Human Dignity and Enhancement: A multidimensional approach
In debates concerning the ethics of enhancement (that is the use of technology to achieve better than 'normal' performance in human beings) arguments both for and against have appealed to the concept of dignity to underpin their arguments. This gives rise to the problem of 'dignity talk', where both sides seem to be appealing to the same criterion as their debate-ending, trump card. In the case of so-called bioconservatives, enhancement is seen as a violation of human dignity; in the case of so-called transhumanists, enhancement is seen as necessary for the full realisation of human dignity. The paper will show that the problem is that both groups are operating from fundamentally different conceptions of what constitutes the human person. They consequently attribute dignity or worth to that feature that is deemed constitutive of the human person. In the case of bioconservatives, for example, this may be the idea that all human beings are uniquely created and loved by God. In the case of transhumanists, the emphasis may be on human moral autonomy. Both, however, overlook a key feature of the human person, namely, that the human person is a multidimensional reality. It is this multidimensional whole to which worth or dignity should be attributed. When this is done, one can move beyond the 'dignity talk' that characterises the debate on enhancement, such that dignity becomes a hermeneutical lens for a meaningful discussion of impact that enhancement has on our estimation of the worth of individual human persons and their efforts to live an existentially meaningful life.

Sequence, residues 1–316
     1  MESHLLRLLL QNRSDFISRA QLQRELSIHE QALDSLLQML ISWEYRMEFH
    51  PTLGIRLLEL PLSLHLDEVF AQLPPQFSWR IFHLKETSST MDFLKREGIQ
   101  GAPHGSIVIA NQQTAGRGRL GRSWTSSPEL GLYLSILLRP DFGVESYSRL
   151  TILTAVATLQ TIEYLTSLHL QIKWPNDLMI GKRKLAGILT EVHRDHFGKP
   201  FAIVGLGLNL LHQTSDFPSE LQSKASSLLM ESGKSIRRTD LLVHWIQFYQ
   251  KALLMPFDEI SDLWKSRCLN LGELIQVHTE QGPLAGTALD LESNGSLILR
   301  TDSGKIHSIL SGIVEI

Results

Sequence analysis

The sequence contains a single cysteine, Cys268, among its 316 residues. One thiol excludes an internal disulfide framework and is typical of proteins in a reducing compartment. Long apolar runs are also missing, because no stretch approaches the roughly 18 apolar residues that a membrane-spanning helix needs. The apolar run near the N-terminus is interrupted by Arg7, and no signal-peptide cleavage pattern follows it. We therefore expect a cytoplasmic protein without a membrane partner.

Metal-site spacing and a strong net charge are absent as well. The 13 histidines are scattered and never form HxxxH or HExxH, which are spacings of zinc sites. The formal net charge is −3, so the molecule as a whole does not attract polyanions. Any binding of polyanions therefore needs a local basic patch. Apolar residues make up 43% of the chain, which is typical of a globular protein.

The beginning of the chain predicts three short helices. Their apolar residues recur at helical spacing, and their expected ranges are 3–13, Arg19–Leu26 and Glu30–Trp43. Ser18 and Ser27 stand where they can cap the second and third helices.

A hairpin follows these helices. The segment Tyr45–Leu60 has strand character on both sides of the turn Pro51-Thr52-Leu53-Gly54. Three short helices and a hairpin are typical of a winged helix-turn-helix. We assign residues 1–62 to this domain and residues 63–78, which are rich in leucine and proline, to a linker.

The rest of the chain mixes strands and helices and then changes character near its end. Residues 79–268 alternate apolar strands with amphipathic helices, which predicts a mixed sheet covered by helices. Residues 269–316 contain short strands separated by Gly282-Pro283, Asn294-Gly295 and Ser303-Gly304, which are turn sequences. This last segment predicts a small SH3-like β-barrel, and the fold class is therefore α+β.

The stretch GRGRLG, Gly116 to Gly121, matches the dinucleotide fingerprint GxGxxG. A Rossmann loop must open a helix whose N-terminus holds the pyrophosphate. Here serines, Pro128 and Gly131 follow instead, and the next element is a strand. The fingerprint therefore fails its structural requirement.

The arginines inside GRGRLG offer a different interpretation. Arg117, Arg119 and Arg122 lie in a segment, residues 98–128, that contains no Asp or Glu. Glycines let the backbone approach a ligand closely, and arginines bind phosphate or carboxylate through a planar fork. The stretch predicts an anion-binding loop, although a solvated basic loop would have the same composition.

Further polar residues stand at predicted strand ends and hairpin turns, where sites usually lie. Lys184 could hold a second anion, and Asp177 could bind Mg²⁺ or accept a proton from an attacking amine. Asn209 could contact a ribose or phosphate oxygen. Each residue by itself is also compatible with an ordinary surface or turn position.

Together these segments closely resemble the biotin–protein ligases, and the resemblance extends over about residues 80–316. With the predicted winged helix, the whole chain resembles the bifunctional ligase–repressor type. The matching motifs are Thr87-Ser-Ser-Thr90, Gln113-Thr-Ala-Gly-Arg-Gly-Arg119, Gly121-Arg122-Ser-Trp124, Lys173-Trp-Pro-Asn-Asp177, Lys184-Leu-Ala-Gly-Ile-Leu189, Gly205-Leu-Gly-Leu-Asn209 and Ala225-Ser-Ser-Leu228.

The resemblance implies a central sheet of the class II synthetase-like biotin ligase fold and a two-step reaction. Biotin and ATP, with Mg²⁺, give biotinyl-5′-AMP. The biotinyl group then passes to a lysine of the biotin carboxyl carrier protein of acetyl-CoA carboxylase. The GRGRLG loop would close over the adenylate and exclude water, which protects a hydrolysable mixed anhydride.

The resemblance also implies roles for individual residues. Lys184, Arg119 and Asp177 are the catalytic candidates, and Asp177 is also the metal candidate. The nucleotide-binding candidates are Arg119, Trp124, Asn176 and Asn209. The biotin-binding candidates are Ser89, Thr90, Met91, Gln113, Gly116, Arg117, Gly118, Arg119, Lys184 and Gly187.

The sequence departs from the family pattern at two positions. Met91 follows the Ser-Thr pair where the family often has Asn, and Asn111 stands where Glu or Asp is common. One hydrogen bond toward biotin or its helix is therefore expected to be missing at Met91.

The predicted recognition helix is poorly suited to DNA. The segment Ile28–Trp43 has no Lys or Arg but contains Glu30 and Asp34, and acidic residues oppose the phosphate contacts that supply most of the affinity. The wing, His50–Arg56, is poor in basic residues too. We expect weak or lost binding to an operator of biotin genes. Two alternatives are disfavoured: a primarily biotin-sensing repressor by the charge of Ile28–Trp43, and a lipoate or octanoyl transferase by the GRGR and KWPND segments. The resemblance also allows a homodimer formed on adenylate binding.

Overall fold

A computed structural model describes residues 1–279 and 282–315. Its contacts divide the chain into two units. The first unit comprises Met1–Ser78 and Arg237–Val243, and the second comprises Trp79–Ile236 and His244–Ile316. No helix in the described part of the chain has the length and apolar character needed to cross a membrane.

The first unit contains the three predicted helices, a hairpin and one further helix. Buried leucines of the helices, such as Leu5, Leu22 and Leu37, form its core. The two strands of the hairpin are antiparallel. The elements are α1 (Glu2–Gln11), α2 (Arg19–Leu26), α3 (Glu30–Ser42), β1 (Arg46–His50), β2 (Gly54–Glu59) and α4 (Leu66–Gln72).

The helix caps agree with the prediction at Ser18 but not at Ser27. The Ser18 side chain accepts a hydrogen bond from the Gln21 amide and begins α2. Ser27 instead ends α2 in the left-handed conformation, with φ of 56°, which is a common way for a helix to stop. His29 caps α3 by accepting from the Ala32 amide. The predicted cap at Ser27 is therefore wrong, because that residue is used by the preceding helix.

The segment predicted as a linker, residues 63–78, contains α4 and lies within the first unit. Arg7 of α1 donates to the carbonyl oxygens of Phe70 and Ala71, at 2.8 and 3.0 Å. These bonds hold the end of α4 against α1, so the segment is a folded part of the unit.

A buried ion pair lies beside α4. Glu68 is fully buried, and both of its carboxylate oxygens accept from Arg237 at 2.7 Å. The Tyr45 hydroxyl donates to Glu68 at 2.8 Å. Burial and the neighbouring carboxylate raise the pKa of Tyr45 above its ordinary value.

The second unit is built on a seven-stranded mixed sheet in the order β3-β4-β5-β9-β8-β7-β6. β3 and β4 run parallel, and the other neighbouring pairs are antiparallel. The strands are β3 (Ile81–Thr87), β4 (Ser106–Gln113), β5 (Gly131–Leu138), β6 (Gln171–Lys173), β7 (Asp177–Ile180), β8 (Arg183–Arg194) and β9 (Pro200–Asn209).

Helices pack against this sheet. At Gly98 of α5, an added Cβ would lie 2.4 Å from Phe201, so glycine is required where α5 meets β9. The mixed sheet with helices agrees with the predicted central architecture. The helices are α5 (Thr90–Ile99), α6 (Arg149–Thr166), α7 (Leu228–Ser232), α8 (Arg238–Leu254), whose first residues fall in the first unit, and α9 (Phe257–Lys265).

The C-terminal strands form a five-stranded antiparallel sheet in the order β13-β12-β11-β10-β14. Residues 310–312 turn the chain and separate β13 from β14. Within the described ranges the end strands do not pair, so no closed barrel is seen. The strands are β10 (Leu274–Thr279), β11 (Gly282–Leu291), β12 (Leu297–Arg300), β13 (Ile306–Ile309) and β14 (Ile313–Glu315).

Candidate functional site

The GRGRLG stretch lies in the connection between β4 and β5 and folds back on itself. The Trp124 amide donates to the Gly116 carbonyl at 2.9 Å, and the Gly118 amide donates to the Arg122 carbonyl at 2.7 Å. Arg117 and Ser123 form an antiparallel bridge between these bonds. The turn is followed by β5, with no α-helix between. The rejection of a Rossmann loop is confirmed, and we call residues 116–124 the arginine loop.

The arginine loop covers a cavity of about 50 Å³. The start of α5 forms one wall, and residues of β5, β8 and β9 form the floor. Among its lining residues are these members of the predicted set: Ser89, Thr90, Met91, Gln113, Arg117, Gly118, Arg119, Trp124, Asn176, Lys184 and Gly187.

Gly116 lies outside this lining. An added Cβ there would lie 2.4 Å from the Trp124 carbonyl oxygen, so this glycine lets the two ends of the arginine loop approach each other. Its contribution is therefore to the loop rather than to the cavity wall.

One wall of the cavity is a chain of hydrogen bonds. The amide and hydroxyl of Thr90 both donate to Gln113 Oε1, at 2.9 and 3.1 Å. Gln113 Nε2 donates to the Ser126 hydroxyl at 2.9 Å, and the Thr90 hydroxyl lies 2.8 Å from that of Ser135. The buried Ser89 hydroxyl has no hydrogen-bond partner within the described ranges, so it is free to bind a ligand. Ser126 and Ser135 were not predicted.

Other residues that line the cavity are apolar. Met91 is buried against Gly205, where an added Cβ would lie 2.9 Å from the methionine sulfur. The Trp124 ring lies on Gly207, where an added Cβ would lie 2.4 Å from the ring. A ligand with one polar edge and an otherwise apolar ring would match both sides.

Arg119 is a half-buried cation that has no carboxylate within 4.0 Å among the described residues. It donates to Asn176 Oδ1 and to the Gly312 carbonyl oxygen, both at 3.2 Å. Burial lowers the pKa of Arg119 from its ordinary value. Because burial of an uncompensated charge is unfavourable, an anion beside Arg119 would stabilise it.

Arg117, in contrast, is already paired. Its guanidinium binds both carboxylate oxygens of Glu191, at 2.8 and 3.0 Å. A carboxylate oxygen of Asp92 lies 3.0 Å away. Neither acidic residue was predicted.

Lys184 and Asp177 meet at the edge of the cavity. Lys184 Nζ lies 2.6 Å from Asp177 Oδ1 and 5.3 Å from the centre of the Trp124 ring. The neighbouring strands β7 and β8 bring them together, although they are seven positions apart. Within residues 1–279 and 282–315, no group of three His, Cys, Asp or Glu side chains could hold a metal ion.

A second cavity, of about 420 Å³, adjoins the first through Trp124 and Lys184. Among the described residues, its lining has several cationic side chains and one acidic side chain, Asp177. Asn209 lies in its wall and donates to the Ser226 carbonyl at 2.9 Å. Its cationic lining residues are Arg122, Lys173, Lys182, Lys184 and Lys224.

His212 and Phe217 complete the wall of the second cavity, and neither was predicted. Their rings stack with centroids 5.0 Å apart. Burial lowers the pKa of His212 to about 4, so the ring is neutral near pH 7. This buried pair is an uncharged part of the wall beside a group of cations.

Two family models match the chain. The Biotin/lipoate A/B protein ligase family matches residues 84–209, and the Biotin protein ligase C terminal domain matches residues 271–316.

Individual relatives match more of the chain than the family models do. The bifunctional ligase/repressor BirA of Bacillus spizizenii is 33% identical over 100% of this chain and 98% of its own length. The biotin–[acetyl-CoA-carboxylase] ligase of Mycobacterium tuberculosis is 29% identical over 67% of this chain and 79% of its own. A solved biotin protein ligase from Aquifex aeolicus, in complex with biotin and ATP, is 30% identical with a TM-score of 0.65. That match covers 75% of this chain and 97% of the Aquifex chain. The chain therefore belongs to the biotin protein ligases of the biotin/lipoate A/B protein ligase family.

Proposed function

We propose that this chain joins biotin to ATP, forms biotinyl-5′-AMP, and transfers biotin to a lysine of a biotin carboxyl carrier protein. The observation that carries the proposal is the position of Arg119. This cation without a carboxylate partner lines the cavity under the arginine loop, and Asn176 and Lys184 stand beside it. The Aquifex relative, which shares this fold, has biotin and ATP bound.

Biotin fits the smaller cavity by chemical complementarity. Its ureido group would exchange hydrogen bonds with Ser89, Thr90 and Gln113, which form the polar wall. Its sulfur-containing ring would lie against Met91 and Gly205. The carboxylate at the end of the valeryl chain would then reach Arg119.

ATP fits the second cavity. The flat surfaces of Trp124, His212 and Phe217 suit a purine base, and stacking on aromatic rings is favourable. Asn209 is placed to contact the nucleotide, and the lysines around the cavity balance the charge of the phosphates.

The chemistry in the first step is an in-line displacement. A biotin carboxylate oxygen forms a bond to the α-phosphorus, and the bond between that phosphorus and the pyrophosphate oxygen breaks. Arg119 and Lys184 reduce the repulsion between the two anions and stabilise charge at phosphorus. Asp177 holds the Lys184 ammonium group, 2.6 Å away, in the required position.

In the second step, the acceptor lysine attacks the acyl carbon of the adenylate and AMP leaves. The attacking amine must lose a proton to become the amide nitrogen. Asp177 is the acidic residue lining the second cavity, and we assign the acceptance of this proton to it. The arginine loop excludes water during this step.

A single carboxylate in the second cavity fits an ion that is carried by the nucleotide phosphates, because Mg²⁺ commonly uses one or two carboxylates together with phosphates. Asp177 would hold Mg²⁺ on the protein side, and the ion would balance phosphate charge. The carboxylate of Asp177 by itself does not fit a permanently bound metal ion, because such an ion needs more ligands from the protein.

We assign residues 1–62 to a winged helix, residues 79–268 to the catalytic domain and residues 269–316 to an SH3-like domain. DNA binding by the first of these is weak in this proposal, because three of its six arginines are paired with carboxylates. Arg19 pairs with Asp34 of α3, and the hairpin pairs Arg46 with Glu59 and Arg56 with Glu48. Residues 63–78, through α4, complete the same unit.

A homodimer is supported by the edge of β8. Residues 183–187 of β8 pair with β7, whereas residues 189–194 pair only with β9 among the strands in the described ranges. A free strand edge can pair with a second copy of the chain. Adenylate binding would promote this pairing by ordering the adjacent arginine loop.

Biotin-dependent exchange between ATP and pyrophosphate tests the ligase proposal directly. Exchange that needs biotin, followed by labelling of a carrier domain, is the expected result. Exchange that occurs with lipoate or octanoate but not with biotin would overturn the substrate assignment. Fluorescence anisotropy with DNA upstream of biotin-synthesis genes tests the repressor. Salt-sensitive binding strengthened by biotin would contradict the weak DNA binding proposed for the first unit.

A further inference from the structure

Dr David G. Kirchhoffer is lecturer in the Faculty of Theology and Philosophy at Australian Catholic University, and is based at its McAuley Campus in Banyo, Brisbane. His teaching and research focusses primarily on theological ethics. Born and raised in South Africa, he studied biology, psychology, and theology, before reading for his doctorate in theology under the supervision of Professor Johan Verstraeten at the Katholieke Universiteit Leuven in Belgium. He worked as a post-doctoral researcher in the Centre for Biomedical Ethics and Law in Leuven in collaboration with Professor Kris Dierickx. In 2011 he took up a permanent post at ACU. In addition to numerous peer-reviewed articles and translations of scholarly texts, he is the author of Human Dignity in Contemporary Ethics (2013).